In 1999, the WWF (now known as WWE) was in a fierce ratings battle war with WCW(the now defunct World Championship Wrestling) that WWE purchased in the spring of 2001. The war started all the way back in the 1980’s when Ted Turner and Vince Mcmahon threw jabs at each other trying to become the kingpin of the sports entertainment world.
The rivalry went to the next level in the 1990’s when Ted Turner went toe to toe with Vince Mcmahon on Monday nights as WWE’s RAW battled WCW’s Nitro for the eyeballs of mainstream sports entertainment viewers and hardcore pro wrestling fans.
What made that era so compelling was Ted Turner took a page out of Vince Mcmahon’s 1980’s playbook by purchasing the rights to the biggest names in the game such as Hulk Hogan, Randy Savage, and Ultimate Warrior. Not only did WCW acquire the in ring talent that made the WWE a household name in the 1980’s, but Turner’s team also received the services of the men who were the voices who told the action in and outside the ring such as future Minnesota governor Jesse “The Body” Ventura and the recently passed “Mean” Gene Okerlund.
The WWE had failed to adapt when Nitro turned the wrestling business upside down when the aging Hulk Hogan repackaged himself into a heel persona that was an answer to the fans who were turning on him due to his ring work declining and also “selling out” to Turner Enterprises.
The added touch was the head of WCW daily operations, Eric Bischoff, pulled off the coup of getting Kevin Nash and Scott Hall who were portrayed as Diesel and Razor Ramone in the WWE as “The New Generation” that was suppose to replace the 1980’s superstars. It turned out that the two men would become bigger stars in WCW aligning themselves with the household names of Hulk Hogan and Randy Savage which the audience viewed as WWE bred talents.
It wouldn’t be until Steve Austin and Bret Hart’s tussle that the WWE would gain attention after the initial spark that the NWO (with the aforementioned former WWE stars) brought back onto the business. Steve Austin would ironically become the real heir apparent WWE had been looking for since Hogan exited the organization in 1993. The new modern day WWE owes it’s foundations to the rebirth with the Attitude Era led by Austin and The Rock after the two men heralded in new fans for RAW and Smackdown respectively. Their prominence in the late 90’s assisted the WWE into overthrowing the WCW renegade movement.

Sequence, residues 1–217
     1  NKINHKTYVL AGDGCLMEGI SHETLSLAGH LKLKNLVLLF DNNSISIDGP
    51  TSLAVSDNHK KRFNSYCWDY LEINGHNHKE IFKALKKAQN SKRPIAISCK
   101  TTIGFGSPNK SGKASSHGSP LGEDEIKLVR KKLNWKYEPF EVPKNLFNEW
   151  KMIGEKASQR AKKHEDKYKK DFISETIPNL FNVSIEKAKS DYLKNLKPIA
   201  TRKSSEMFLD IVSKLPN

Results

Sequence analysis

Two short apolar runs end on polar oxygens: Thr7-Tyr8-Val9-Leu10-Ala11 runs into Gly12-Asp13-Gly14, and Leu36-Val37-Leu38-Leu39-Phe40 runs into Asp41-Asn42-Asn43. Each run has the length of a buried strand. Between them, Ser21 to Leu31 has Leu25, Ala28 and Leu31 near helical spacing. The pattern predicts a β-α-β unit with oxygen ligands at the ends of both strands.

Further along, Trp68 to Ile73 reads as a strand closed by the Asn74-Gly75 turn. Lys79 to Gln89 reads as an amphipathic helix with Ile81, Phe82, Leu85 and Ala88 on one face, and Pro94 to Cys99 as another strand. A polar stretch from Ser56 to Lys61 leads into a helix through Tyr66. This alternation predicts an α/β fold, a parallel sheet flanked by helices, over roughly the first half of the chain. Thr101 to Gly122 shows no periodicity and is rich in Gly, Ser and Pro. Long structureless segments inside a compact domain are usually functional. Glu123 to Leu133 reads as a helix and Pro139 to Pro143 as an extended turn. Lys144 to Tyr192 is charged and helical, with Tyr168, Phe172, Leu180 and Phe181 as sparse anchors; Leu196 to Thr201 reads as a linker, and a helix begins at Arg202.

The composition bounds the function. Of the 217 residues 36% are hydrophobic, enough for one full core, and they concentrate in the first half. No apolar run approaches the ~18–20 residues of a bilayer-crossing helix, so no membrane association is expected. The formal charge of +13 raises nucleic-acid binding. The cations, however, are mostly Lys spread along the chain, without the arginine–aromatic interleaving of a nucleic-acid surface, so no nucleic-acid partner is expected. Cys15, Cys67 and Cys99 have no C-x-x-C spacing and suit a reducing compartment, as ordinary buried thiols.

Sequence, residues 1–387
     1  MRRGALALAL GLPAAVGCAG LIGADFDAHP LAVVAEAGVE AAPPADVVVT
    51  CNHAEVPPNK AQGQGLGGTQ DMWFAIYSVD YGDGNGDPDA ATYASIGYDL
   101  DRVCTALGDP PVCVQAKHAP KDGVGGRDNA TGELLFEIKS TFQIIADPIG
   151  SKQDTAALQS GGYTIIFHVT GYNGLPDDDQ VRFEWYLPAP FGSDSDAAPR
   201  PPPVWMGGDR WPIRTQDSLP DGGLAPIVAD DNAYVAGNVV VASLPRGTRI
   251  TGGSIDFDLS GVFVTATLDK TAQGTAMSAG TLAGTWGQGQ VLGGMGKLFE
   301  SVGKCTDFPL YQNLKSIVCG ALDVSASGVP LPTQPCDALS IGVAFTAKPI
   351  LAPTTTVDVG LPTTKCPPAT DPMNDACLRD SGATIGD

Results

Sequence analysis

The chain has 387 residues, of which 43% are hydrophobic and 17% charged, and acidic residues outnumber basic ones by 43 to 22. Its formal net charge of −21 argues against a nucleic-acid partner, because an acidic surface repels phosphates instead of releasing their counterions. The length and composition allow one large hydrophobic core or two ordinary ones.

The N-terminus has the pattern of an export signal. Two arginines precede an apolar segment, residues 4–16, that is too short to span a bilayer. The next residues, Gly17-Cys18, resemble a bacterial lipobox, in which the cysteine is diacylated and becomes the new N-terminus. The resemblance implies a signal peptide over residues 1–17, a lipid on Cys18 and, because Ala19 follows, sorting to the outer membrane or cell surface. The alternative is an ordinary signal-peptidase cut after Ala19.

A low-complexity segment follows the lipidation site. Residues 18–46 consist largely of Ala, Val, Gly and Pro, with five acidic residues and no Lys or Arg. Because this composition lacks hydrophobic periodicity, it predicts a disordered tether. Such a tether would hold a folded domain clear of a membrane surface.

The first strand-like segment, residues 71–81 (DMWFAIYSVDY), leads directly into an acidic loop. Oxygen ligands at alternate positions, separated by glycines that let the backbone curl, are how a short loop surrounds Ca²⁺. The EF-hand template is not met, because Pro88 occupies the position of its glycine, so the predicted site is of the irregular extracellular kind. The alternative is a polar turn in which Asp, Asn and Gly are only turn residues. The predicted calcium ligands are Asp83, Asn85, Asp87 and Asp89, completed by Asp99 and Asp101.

Here we are today, October 4th, and WWE is going to celebrate 20 years of Smackdown being on the air with the return of The Rock who was in the main event of the first ever episode back in 1999.
Smackdown was the WWE’s counter programming to WCW’s Thursday B show entitled “Thunder”. The Rock and HHH along with Shawn Michaels was used to promote the first episode and it drew massive attention.
The WWE 20 years later brings back The Rock to help get viewers to pay attention to Smackdown moving to Fox Sports. A couple of days ago, new upstart company AEW went head to head with WWE’s version of their farm league in NXT. It brought back memories for fans who were watching during the notorious “Monday Night War” era when WCW and WWF pulled out all the stops to win the ratings battle.
AEW just like WCW in the 90’s have a former WWE World Heavyweight Champion carrying its top prize in Chris Jericho. With the AEW World Title around the waist of a known WWE top star it helps give the company some recognition to new onlookers.
The WWE will have more than enough star recognition as Dwayne Johnson will bring all of his Hollywood clout tonight for the Fox Sports special.
WWE with The Rock’s return have jacked up the prices for tonight’s event which is sold out. Floor seats were purchased for $1000 for fans to see The Rock up close and in rare pro wrestling form although he is not being advertised in an actual bout.
The prices are considerably higher for this event than the regular Smackdown affairs in previous weeks that ranged from $210 – $238. With the addition of legends such as “Stone Cold” Steve Austin, Hulk Hogan, and Ric Flair in attendance it is to be expected.
The WWE after purchasing WCW and later ECW in 2001 had a bloated roster of stars and came up with concept to give everyone exposure. Vince Mcmahon put his rival companies out to pasture after a few months of exploiting their followings and decided to do a “brand extension” which made the television shows RAW and Smackdown into their own entities. Over the years there have been cross promotions, but Fox Sports have made it clear to WWE executives that they want their deal with the sports-entertainment company to be serious about only having Smackdown stars on their stations.
Fox Sports also wants WWE to present WWE more as sports more than sports entertainment. Stephanie Mcmahon who is the daughter of the owner spoke with First Take about the major shift.
FOX has officially announced a WWE SmackDown Kickoff pre-show for tonight’s big FOX premiere that will emanate from the Staples Center in Los Angeles. Start time is 7:30pm ET on FOX.
It will be a 30 minute pre-show and will be hosted by Renee Young and WWE Hall of Famer Booker T. The two personalities are also the hosts of the upcoming WWE Backstage studio show on FS1 that will be magazine style.
Kayla Braxton will provide behind-the-scenes coverage while Charissa Thompson of FOX Sports will cover Superstars and celebrities arriving on the blue carpet outside of the Staples Center.